Allow the peanuts to simmer for about 2 to 4 hours for green peanuts or 5-8 hours for raw peanuts, depending on the desired tenderness. Check the peanuts occasionally for desired doneness. Some people prefer them very soft, almost mushy, while others like them firmer. Check the water level periodically and add more water as needed.
Once the peanuts have achieved their desired degree of doneness, remove the pot from the heat and let the peanuts cool in the cooking liquid. Drain and enjoy your boiled peanuts.
They will store in the fridge for up to a week.
Boiled peanuts can be enjoyed hot, at room temperature, or cold. You can reheat them in the microwave if you prefer them warm. To eat, crack open the shells, eat the nuts inside, and discard the shells.
For more delicious Southern favorites be sure to try our:
- Shrimp and Grits
- Fried Okra
- Corn Pudding
- Andouille and Greens with Cheese Grits
- Sausage Gravy and Biscuits
- Skillet Cornbread
- Southern Black Eyed Pea Salad
- Grillades and Grits
- Fried Catfish
- Chicken Fried Steak Burgers
- 2 pounds raw or green peanuts in the shell (NOT roasted peanuts)
- 4 quarts water
- 1/3-1/2 cup kosher or sea salt (adjust according to taste; 1/2 cup is typical)
- 3 tablespoons seasoning of choice (optional) (see blog post for lots of delicious ideas!)
- Wash the peanuts to remove any debris, discarding any bad peanuts while you're at it. If you're using green peanuts, wash them 3 times, changing the water between washes. If you're using raw peanuts you only need to wash them once.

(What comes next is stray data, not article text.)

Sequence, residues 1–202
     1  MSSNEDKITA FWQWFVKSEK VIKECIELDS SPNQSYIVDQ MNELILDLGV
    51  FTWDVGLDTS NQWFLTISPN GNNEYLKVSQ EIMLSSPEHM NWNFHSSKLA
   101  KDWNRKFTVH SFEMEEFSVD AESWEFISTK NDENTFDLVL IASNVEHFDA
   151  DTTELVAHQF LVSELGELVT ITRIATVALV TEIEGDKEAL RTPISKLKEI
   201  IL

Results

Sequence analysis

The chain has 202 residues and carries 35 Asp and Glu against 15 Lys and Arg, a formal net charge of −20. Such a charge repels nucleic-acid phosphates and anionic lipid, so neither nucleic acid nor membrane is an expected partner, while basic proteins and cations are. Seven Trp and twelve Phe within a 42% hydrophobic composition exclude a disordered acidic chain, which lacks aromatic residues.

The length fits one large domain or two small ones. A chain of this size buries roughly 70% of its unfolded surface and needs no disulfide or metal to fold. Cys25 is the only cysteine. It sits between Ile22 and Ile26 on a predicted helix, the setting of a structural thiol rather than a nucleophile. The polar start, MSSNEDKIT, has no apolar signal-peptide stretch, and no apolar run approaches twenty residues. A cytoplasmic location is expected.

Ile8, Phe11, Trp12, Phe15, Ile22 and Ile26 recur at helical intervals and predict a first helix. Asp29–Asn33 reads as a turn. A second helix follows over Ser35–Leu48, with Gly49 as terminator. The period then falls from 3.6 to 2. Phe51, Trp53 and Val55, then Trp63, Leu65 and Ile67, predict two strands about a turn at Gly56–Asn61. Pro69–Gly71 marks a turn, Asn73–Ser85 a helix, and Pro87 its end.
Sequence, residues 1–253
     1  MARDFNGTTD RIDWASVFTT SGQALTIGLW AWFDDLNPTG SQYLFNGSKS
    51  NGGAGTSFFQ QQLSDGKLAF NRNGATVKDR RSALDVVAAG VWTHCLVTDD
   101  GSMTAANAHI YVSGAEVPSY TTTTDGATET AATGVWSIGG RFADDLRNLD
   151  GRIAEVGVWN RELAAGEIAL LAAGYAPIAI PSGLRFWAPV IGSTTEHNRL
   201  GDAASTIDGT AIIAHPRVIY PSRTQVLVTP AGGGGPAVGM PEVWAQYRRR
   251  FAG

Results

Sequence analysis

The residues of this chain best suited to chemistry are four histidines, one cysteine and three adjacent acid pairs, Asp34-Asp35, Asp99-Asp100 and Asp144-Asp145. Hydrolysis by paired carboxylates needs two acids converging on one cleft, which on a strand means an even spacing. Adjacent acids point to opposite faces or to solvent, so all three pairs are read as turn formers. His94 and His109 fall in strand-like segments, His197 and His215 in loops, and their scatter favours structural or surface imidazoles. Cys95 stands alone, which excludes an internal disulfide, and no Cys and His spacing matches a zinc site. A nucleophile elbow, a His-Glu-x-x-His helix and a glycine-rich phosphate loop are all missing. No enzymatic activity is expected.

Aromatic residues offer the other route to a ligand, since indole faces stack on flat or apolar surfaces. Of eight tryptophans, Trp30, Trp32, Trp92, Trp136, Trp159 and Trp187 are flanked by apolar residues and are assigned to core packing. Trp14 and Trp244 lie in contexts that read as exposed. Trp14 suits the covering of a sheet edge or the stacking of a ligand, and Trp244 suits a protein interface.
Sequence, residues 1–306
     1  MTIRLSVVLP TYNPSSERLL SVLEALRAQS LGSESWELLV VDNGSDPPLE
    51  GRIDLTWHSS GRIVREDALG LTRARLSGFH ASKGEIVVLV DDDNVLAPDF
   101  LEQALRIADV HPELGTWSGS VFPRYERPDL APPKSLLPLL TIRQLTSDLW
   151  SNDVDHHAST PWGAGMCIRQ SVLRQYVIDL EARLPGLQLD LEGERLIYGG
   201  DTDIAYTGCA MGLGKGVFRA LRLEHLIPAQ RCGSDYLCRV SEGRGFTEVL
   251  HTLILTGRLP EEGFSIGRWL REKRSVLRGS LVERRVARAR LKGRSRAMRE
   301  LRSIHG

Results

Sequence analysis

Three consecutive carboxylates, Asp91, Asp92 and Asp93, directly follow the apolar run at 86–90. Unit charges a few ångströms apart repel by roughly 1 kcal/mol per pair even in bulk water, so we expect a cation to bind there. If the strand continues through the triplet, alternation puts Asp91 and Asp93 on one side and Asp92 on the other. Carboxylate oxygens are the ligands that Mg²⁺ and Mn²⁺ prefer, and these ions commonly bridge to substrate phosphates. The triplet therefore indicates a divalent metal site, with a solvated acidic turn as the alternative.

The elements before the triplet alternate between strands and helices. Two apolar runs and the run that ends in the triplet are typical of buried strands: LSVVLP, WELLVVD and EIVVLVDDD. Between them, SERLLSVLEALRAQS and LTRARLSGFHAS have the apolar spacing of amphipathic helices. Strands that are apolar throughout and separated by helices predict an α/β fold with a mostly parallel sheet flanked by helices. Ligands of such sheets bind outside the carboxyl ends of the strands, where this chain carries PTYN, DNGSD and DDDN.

- Place the peanuts in a large pot with the water and salt and stir to combine. Stir in any additional seasonings if using. Bring the pot to a boil over medium-high heat. Once it reaches a boil, reduce the heat to medium-low, cover, and let the peanuts simmer. I weigh down the peanuts with a large dinner plate to ensure they remain immersed under water. Allow the peanuts to simmer for about 2 to 4 hours for green peanuts or 5-8 hours for raw peanuts, depending on the desired tenderness. Some people let them simmer all day. Check the peanuts occasionally for desired doneness. Some people prefer them very soft, almost mushy, while others like them firmer. Check the water level periodically and add more water as needed. Once the peanuts have achieved their desired degree of doneness, remove the pot from the heat and let the peanuts cool in the cooking liquid. Once cooled, drain the peanuts. Boiled peanuts can be enjoyed hot, at room temperature, or cold. You can reheat them in the microwave if you prefer them warm. To eat, crack open the shells, eat the nuts inside, and discard the shells. They will store in the fridge for up to a week.